ST. GEORGE – Tighter restrictions on distracted driving go into effect across the state at midnight Tuesday.
The new restrictions passed by the Utah Legislature earlier this year, are meant to make an otherwise hard-to-enforce law, more enforceable.
“The texting while driving law is hard to enforce,” St. George Police Chief Marlon Stratton previously told St. George News. Thus far the law has primarily focused on texting, and officers actually have to see a driver texting, not simply manipulating buttons on a phone.
As of midnight, that will change.
Once the clock strikes midnight, drivers may not do the following while their vehicles are in motion:
- Compose, read, or send a text message, email, or instant message
- Enter a phone number
- Access or surf the Internet
- View or record images and video
- Manipulate applications on the phone or wireless handheld device
However, drivers may do the following while their vehicles are in motion:
- Answer calls and talk
- Use hands free devices for phones
- Use a GPS or navigation application on a phone if needed
- Report emergencies, road hazards, criminal activity
Violations of the law can lead to a class-C misdemeanor and a $100 fine. If a person is injured due to distracted driving, the driver could face a class-B misdemeanor, which entails a possible $1,000 fine and up to six months in jail.
See text of the the law and the new restrictions here:
- Careless driving defined, prohibited – Utah Code Section 41-6a-1715 as amended 2014
- Prohibition on using a handheld wireless communication device while driving – Utah Code Section 41-6a-1716 as amended 2014.pdf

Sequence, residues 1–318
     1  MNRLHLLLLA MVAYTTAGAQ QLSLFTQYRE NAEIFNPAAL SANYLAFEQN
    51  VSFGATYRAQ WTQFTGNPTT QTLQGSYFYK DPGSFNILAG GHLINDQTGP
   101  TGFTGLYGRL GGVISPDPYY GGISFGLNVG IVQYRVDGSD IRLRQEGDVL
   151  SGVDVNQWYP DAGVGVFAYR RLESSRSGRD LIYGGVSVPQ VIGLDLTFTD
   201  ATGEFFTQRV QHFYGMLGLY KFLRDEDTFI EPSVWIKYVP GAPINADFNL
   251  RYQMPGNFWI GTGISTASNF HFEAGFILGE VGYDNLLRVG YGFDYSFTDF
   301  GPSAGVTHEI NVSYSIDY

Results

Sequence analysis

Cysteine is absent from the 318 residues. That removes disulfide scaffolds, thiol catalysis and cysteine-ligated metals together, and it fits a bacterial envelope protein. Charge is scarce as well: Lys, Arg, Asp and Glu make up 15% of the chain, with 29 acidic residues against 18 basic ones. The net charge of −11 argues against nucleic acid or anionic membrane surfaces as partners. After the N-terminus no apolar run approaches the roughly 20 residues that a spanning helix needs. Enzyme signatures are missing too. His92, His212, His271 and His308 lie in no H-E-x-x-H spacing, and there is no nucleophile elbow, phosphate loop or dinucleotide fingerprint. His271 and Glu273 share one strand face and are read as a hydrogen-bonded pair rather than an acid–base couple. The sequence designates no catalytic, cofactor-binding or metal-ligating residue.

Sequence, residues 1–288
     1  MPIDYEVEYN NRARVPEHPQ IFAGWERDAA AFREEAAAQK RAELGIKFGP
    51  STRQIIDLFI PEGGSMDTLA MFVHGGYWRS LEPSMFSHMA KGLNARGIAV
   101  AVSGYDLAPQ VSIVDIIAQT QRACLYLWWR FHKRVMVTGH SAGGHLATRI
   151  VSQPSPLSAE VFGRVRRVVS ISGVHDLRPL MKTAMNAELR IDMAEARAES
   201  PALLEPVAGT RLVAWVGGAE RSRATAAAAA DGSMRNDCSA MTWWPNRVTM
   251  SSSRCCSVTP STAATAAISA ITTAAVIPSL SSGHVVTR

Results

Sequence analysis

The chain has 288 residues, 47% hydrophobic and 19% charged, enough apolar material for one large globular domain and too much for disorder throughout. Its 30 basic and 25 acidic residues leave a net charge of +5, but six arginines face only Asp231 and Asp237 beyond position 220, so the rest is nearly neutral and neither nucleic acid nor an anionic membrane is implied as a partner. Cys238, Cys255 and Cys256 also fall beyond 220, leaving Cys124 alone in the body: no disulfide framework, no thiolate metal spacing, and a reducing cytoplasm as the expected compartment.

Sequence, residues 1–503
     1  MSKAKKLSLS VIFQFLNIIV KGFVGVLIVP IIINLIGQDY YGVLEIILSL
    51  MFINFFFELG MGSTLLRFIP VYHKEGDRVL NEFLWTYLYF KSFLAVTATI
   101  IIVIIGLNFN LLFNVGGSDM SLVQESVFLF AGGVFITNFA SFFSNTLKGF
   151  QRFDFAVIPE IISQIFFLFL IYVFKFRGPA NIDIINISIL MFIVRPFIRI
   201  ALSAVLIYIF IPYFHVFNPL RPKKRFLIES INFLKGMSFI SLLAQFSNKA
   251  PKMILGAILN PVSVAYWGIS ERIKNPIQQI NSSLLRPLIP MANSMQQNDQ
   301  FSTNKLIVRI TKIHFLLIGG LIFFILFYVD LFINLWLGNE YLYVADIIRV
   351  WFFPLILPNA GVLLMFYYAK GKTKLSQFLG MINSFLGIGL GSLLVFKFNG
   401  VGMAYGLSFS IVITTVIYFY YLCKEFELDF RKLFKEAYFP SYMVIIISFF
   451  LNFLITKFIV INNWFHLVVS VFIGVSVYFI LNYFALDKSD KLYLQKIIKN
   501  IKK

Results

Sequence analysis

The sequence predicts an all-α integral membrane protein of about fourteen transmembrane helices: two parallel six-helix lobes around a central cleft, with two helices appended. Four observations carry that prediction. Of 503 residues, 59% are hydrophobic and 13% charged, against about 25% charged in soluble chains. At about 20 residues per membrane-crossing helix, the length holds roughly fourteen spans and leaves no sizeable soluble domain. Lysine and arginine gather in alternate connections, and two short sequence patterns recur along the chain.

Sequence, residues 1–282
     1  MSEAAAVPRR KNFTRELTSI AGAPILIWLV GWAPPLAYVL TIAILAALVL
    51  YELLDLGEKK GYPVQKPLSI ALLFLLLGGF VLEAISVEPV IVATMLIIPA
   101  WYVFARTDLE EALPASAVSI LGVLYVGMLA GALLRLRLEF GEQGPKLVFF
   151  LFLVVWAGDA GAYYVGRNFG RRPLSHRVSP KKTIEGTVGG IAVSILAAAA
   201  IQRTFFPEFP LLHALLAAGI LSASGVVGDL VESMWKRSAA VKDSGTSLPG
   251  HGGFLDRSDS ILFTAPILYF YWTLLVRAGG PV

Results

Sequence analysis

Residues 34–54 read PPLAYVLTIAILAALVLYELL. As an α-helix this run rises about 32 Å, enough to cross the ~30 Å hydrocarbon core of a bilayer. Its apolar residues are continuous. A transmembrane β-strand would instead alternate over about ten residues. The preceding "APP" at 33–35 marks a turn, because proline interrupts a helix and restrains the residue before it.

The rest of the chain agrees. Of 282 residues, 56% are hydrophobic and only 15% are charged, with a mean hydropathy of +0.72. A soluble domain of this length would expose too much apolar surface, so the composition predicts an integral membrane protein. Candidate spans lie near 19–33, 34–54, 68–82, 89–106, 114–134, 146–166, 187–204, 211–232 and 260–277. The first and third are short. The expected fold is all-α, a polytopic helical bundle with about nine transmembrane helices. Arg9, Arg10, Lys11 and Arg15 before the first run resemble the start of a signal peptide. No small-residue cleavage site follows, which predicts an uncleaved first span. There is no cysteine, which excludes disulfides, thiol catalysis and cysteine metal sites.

The tighter restrictions come in the wake of a public awareness campaign started by the Henson family of St. George. Last year, David and Leslee Henson were involved in an accident triggered by an alleged distracted driver who was texting. The accident killed David Henson and left Lelsee Henson severely injured. As Leslee Henson recovered, she and her family launched a statewide campaign called “Stop the text, Stop the wrecks.”
The campaign led to many anti-texting signs being placed in St. George and the surrounding area. They also contacted state Sen. Steve Urquhart, R-St. George, about tightening distracted driver laws in the state. Urquhart, along with state Rep. Don Ispon, R-St. George, sponsored Senate Bill 253 in the state Legislature where it ultimately passed.
The City of St. George and the St. George Police Department also created the “Heads Up, Thumbs Up,” campaign to continue to bring awareness to the risk of distracted driving and also highlighted the new restrictions about to become law.
As for whether or not local law enforcement will change how it handles distracted drivers, St. George Police Sgt. Sam Despain said: “It’ll be business as usual.”
If you get caught breaking the law, you’ll be cited, he said.
Though the new law does have exceptions that allow someone to have a phone in hand while driving, Stratton recommended drivers keep the phone out of their hands entirely.
“You shouldn’t have a cell phone in your hand and manipulating it while driving,” Stratton said. “There’s not a phone call, not a text message that is important enough … to endanger not only yourself but all the other people out there.”
Ed. Note: Information regarding potential penalties has been corrected.
- City declares April ‘Distracted Driving Awareness Month’
- Perspectives: Distracted driving, the nanny state at the local level
- St. George to fight distracted driving after local tragedy; STGnews Videocast
- Victim’s family brings ‘No Texting’ traffic signs to St. George
- Two pedestrians collaterally injured in two-car collision
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